"Reading A GOD IN RUINS feels like encountering a series of perfect scenes from the past half century, jumbled up and spiced with wit and drama. By the end, the point the novel makes through its shuffled deck structure becomes clear, and it's a moving one."―Jenny Shank, The Dallas Morning News
"I've mostly recovered from the shock of it, but I advise you to never play poker with Atkinson for real money."―Jim Higgins, The Sunday Journal Sentinel
"There is a bit of trickery here, as it turns out, as philosophical as it is novelistic, but the book's pleasures--and it's accomplishments--are ultimately more remarkable that the twist the story finally takes."―Ellen Akins, The Minneapolis Star Tribune
"Kate Atkinson's intelligence and understanding of humanity informs every page...The reader will at times need to rest the book for a few moments to recover before plunging ahead. It might help, too, to have a box of tissues handy."―Jonathan Rickard, New York Journal of Books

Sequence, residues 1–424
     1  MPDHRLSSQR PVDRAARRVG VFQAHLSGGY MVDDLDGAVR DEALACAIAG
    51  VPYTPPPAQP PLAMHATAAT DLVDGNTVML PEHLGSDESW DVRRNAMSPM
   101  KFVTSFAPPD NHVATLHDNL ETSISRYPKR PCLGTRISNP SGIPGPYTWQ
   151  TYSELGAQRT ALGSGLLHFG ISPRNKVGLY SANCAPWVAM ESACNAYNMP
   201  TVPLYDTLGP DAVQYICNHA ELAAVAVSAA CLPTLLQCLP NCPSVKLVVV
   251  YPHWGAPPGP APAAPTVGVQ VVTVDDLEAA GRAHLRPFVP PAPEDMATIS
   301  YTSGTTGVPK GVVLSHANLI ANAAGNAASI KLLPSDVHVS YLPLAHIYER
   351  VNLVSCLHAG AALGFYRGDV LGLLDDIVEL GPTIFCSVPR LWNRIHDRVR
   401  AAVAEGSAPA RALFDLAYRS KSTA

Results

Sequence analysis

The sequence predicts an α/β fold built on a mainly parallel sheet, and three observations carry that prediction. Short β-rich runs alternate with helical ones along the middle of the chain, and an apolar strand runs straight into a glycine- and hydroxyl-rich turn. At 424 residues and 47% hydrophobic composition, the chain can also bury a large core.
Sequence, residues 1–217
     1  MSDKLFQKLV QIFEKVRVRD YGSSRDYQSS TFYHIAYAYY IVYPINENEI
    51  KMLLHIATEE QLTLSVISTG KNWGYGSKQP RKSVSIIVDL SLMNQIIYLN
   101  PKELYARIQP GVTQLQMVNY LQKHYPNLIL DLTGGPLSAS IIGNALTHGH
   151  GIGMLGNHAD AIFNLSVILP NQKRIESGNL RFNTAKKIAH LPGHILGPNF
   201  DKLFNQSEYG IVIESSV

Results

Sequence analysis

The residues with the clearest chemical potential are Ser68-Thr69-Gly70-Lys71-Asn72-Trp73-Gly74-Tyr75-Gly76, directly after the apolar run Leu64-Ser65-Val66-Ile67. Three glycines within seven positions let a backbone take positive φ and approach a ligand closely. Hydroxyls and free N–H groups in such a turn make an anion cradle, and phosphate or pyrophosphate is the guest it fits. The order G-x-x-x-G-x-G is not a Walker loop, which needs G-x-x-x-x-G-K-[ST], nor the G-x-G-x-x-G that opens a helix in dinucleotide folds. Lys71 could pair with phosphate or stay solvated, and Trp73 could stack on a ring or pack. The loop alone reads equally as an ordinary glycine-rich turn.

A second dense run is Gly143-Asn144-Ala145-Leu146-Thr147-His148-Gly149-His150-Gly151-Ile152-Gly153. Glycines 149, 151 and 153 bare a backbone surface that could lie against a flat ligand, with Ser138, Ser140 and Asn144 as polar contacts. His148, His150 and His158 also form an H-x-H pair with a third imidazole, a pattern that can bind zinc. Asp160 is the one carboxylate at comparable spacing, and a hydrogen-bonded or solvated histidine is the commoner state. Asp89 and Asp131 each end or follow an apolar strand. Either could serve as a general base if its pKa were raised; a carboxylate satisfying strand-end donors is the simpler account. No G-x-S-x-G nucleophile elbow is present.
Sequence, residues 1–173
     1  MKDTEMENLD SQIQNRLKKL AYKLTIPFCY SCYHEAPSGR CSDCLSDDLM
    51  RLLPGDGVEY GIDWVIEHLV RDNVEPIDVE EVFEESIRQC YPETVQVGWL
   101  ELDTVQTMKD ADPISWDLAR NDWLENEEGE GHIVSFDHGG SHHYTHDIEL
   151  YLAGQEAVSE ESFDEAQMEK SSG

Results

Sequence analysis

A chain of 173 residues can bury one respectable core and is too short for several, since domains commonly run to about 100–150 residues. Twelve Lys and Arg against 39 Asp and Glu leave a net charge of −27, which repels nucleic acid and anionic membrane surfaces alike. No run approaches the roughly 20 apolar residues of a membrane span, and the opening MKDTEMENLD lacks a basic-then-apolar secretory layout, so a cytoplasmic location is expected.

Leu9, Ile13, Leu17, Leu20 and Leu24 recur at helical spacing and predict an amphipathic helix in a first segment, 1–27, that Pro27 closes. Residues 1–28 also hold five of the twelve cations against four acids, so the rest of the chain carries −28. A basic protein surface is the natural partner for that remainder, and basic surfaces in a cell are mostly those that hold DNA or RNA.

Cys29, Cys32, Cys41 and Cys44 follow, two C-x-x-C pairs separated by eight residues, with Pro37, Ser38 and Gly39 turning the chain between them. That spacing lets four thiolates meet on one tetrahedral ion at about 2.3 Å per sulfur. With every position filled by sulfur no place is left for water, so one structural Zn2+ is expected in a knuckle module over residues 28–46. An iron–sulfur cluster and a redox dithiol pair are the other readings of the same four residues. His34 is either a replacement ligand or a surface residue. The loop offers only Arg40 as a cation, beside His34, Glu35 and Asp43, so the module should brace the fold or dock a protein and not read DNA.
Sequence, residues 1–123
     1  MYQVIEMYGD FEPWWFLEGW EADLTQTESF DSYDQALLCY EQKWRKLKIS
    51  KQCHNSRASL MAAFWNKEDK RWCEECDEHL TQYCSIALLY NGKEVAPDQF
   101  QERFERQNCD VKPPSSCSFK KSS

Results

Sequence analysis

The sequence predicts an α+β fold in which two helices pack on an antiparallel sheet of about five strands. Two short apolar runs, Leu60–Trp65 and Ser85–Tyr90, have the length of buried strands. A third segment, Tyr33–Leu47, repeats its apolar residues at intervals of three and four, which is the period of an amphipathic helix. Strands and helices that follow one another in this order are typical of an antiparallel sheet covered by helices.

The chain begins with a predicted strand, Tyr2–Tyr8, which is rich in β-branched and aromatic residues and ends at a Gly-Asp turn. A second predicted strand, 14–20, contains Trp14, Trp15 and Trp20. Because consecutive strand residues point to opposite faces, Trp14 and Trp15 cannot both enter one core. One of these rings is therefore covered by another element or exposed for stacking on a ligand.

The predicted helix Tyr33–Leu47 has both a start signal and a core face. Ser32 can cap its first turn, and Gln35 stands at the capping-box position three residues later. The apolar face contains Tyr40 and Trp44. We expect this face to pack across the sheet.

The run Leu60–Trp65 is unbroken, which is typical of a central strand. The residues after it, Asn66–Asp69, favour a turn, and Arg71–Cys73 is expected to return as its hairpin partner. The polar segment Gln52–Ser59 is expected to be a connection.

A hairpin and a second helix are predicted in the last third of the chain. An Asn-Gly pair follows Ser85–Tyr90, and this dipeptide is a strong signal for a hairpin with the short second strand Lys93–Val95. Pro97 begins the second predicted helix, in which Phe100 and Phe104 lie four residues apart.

"A novel that takes its place in the line of powerful works about young men and war, stretching from Stephen Crane's Red Badge of Courage to Kevin Powers's The Yellow Birds and Ben Fountain's Billy Lynn's Long Halftime Walk."―Maureen Corrigan, The Washington Post
"A sprawling, epic novel...A God in Ruins expresses the ways lives can be seen close up, in seemingly unconnected individual moments, or from a distance, as a series of through-lines."―Tasha Robinson, NPR.org
"...more subtly postmodern, shifting between past, present, and future in ways both subversive and perfectly organic."―Boris Kachka, New York Magazine
"As finely crafted as Life After Life...Having spun one great novel out of second, third and 50th chances, she's spun another out of the fact that in reality, we get only one."―Lev Grossman, Time
"Atkinson's strong and evocative turn of phrase, which is both beautiful and strangely conversational, pull readers in, with solid plotting and deep affection for her characters keeping them reading...Teddy Todd survived the war and then he died and, in between, he lived, and every moment is wonderful, even if it was never meant to be."―Kate Erbland, Bustle